The presence of complementary information across multiple sensory or motor modalities during learning, referred to as multimodal enrichment, can markedly benefit learning outcomes. Why is this? Here, we integrate cognitive, neuroscientific, and computational approaches to understanding the effectiveness of enrichment and discuss recent neuroscience findings indicating that crossmodal responses in sensory and motor brain regions causally contribute to the behavioral benefits of enrichment. The findings provide novel evidence for multimodal theories of enriched learning, challenge assumptions of longstanding cognitive theories, and provide counterevidence to unimodal neurobiologically inspired theories. Enriched educational methods are likely effective not only because they may engage greater levels of attention or deeper levels of processing, but also because multimodal interactions in the brain can enhance learning and memory.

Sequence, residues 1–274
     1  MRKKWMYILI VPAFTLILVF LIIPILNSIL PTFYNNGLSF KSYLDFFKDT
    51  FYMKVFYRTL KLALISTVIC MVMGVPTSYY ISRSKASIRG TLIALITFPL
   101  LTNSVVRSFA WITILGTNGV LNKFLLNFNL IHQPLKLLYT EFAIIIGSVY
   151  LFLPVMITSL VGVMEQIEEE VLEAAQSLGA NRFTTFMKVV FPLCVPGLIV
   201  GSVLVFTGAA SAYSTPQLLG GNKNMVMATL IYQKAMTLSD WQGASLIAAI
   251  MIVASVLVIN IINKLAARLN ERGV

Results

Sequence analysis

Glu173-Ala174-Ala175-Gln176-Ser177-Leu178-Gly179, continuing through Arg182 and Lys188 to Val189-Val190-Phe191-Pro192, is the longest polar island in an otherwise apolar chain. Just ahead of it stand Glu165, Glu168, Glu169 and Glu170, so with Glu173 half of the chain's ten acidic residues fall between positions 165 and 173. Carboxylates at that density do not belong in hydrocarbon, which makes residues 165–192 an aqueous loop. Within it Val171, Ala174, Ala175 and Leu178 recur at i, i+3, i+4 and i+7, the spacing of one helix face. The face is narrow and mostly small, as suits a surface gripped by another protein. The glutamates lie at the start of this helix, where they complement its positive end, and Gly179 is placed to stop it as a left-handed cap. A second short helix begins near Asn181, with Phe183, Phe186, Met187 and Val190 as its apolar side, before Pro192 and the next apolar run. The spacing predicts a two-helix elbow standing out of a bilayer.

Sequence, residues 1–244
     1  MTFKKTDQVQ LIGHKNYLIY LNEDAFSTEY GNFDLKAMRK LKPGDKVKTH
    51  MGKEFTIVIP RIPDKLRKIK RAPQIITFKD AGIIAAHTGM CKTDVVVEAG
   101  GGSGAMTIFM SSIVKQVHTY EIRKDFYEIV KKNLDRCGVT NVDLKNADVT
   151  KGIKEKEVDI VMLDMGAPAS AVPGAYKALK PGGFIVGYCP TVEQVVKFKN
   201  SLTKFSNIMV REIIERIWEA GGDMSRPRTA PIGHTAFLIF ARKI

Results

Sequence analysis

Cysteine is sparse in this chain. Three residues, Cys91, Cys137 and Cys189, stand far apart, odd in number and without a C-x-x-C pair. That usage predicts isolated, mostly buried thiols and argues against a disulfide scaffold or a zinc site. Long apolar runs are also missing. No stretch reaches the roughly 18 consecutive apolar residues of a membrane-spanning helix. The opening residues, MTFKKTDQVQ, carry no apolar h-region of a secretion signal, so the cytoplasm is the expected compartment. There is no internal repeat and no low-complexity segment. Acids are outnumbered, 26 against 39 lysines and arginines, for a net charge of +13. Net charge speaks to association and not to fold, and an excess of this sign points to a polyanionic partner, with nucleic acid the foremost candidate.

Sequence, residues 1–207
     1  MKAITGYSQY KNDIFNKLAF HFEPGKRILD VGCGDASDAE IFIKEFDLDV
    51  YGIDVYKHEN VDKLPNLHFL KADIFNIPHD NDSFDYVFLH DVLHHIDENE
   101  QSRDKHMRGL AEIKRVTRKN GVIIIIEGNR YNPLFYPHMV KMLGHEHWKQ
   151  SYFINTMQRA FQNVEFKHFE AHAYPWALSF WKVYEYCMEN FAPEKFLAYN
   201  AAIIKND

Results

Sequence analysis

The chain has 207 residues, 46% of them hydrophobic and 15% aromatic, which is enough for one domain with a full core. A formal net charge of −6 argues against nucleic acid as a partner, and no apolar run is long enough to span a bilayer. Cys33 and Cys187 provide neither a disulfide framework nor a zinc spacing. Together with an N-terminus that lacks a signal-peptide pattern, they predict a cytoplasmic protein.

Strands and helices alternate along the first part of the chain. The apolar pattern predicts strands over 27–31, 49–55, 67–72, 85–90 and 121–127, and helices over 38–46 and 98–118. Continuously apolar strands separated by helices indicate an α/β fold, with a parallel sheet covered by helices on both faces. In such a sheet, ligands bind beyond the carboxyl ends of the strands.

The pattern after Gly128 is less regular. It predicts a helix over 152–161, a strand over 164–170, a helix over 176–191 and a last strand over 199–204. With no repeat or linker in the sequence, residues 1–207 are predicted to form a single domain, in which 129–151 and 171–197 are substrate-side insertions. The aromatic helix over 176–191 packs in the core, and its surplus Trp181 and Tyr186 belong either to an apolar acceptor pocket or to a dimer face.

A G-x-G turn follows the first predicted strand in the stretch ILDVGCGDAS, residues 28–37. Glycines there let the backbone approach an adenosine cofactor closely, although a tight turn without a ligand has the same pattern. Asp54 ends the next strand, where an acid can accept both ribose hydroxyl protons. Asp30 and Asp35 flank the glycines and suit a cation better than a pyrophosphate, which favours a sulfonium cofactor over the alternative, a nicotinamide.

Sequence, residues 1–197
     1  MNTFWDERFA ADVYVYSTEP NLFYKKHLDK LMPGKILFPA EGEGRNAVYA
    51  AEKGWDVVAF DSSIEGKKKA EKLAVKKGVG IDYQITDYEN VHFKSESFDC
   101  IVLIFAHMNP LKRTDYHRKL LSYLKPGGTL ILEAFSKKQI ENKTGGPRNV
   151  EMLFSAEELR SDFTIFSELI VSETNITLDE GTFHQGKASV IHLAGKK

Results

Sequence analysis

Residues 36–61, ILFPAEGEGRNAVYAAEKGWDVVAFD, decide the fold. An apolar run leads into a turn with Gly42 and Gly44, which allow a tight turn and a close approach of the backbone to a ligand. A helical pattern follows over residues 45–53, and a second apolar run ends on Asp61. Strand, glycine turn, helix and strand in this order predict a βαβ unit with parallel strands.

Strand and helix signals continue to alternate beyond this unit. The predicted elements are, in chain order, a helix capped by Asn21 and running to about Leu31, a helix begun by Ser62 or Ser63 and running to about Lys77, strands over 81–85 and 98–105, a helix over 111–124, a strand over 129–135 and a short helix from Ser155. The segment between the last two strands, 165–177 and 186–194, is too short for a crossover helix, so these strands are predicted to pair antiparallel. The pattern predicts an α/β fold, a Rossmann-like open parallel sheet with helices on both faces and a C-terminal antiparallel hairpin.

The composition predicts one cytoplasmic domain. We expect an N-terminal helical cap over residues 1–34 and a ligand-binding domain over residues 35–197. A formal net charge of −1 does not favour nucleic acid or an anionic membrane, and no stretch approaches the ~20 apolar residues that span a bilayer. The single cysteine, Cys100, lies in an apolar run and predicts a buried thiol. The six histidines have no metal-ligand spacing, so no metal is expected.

Bibliographical noteOpen Access via the Elsevier Agreement
Funder: German Research Foundation: KR 3735/3-1,MA 9552/1-1
We thank Agnieszka Konopka, Antje Proske, Joost Rommers, and Anna Zamm for providing useful comments on an earlier version of the manuscript; Mingyuan Chu for feedback on Figure 1; and Stefan Kiebel for feedback on Box 3. This work was supported by the German Research Foundation (grants KR 3735/3-1, KR 3735/3-2, and MA 9552/1-1).
- multimodal enrichment
- enriched learning
- crossmodal processing
- educational neuroscience